BLOG 257: HAPPY BIRTHDAY DONALD JUSTICE!

It would have been Donald Justice’s 91st birthday today, and so we’re honouring him in the best way possible, by sharing and reading his poetry.

“Donald Justice (August 12, 1925 – August 6, 2004) was an American poet and teacher of writing. In summing up Justice’s career David Orr wrote, “In most ways, Justice was no different from any number of solid, quiet older writers devoted to traditional short poems. But he was different in one important sense: sometimes his poems weren’t just good; they were great. They were great in the way that Elizabeth Bishop’s poems were great, or Thom Gunn’s or Philip Larkin’s. They were great in the way that tells us what poetry used to be, and is, and will be.”[1]

Justice grew up in Florida, and earned a bachelor’s degree from the University of Miami in 1945. He received an M.A. from the University of North Carolina in 1947, studied for a time at Stanford University, and ultimately earned a doctorate from the University of Iowa in 1954. He went on to teach for many years at the Iowa Writers’ Workshop, the nation’s first graduate program in creative writing. He also taught at Syracuse University, the University of California at Irvine, Princeton University, the University of Virginia, and the University of Florida in Gainesville.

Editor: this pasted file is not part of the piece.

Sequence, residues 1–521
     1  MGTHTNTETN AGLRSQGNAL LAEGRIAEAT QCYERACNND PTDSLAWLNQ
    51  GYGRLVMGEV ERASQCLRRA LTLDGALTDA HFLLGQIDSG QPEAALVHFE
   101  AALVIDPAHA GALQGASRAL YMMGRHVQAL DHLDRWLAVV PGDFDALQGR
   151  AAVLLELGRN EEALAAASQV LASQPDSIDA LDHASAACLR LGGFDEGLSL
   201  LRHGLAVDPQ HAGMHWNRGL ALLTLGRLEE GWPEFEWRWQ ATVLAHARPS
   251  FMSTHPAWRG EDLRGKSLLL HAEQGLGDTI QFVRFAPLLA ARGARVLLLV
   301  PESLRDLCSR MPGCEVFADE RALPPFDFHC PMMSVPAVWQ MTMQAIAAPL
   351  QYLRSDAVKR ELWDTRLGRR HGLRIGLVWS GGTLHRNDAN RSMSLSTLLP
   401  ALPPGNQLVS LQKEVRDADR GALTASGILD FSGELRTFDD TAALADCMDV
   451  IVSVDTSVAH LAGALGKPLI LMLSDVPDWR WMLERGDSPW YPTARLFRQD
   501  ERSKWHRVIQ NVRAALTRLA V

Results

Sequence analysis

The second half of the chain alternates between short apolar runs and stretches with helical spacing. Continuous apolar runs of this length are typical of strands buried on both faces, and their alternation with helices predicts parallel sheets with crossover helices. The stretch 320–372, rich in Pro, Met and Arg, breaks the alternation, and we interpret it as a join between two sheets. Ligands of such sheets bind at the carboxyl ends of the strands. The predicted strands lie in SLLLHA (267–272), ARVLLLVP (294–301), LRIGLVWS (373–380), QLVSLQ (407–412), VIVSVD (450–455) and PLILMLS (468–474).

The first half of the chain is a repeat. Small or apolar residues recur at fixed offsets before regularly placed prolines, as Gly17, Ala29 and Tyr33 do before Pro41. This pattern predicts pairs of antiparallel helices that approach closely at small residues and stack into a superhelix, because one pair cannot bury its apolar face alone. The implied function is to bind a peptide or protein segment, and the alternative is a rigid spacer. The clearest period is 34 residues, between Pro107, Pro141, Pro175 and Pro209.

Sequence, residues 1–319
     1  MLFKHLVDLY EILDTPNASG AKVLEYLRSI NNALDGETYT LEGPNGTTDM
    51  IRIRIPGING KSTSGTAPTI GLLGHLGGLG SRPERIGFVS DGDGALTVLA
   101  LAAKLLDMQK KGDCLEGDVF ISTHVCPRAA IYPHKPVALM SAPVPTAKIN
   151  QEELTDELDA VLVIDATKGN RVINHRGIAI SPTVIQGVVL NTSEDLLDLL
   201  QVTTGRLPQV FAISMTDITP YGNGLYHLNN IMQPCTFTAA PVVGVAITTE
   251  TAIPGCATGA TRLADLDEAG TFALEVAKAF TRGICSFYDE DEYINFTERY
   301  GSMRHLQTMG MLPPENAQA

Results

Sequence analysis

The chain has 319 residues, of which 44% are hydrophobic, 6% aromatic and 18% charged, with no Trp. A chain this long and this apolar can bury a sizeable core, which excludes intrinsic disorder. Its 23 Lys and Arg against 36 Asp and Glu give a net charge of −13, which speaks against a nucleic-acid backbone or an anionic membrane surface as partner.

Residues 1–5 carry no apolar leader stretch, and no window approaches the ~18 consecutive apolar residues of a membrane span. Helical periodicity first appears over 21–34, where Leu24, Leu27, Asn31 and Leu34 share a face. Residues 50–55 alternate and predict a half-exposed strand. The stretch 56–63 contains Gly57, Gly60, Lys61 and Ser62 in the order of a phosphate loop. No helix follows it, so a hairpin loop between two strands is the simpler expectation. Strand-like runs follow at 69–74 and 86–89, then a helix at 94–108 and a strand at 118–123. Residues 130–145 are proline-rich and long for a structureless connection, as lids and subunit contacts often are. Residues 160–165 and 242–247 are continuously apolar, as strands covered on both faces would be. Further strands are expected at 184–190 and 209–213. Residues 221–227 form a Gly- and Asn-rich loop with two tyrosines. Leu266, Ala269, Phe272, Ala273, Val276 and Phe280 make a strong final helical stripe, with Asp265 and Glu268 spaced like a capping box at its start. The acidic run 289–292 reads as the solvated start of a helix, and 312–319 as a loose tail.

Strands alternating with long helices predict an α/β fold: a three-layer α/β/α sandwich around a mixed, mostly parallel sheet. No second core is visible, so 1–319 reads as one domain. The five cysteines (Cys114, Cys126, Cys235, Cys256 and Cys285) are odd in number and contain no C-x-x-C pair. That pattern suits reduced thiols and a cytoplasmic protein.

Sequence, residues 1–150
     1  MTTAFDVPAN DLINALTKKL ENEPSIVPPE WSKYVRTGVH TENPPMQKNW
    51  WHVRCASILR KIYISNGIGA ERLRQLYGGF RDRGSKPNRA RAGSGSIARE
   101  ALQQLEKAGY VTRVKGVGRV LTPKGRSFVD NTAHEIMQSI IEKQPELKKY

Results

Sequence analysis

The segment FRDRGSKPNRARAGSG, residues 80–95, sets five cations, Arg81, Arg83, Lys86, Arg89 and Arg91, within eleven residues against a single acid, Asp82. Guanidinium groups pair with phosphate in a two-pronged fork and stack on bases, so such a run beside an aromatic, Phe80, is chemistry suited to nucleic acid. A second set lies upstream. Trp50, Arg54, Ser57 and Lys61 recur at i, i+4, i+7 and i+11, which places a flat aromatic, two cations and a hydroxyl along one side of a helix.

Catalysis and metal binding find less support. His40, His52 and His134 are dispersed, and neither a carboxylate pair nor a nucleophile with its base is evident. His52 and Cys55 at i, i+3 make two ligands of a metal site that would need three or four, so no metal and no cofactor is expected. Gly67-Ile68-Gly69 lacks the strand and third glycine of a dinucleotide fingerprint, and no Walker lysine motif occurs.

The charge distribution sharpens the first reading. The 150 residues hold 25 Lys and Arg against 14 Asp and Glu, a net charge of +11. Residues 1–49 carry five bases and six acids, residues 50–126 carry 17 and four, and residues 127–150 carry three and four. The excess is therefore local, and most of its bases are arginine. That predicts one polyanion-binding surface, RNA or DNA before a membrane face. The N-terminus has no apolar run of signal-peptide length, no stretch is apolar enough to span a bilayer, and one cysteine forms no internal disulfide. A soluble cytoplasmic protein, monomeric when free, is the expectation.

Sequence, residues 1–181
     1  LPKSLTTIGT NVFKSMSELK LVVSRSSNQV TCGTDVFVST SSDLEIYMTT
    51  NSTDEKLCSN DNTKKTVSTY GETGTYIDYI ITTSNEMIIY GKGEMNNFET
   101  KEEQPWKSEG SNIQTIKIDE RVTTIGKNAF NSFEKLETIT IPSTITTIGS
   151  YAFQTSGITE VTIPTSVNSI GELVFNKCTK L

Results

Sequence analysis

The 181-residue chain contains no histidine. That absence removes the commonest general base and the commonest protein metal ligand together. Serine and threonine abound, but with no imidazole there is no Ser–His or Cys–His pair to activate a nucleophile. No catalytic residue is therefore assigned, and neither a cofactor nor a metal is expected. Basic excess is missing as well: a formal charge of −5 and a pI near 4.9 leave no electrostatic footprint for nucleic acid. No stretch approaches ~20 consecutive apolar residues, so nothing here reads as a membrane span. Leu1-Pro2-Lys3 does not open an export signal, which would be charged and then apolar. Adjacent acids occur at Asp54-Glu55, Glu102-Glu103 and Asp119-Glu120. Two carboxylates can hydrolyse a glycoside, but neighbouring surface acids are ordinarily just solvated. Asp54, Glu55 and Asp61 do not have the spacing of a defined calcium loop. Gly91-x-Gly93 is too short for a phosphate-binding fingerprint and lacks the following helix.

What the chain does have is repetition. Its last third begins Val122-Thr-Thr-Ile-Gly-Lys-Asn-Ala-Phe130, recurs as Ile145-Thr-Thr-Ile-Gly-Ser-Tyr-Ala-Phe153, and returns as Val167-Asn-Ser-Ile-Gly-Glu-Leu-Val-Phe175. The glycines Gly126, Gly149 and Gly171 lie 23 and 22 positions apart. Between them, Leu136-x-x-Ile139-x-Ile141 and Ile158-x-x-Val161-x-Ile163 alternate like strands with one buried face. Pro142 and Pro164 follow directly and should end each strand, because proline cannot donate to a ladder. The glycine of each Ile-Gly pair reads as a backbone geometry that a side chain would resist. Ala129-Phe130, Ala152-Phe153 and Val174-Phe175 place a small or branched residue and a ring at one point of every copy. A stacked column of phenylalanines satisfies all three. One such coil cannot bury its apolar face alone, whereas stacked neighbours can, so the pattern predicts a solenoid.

Justice published thirteen collections of his poetry. The first collection, The Summer Anniversaries, was the winner of the Lamont Poetry Prize given by the Academy of American Poets in 1961; Selected Poems won the Pulitzer Prize for Poetry in 1980. He was awarded the Bollingen Prize in Poetry in 1991, and the Lannan Literary Award for Poetry in 1996.”[2]

And for today’s blog on Ash Watson Poetry, I would like to share my favourite poem written by Donald Justice. This piece is called: ‘Bus Stop’.


Bus Stop

Lights are burning
In quiet rooms
Where lives go on
Resembling ours.

The quiet lives
That follow us—
These lives we lead
But do not own—

Stand in the rain
So quietly
When we are gone,
So quietly . . .
And the last bus
Comes letting dark
Umbrellas out—
Black flowers, black flowers.

And lives go on.
And lives go on
Like sudden lights
At street corners

Or like the lights
In quiet rooms
Left on for hours,
Burning, burning. [3]


[1] Orr, David (August 29, 2004). “‘Collected Poems’: The Ironist of Nostalgia”. The New York Times.
[2] Wikipedia (2017) Donald Justice, Available at: https://en.wikipedia.org/wiki/Donald_Justice (Accessed: 12th August 2017).
[3]
Justice, D. (2017) Bus Stop Poem by Donald Justice, Available at: https://www.poemhunter.com/poem/bus-stop/ (Accessed: 12th August 2017).
 

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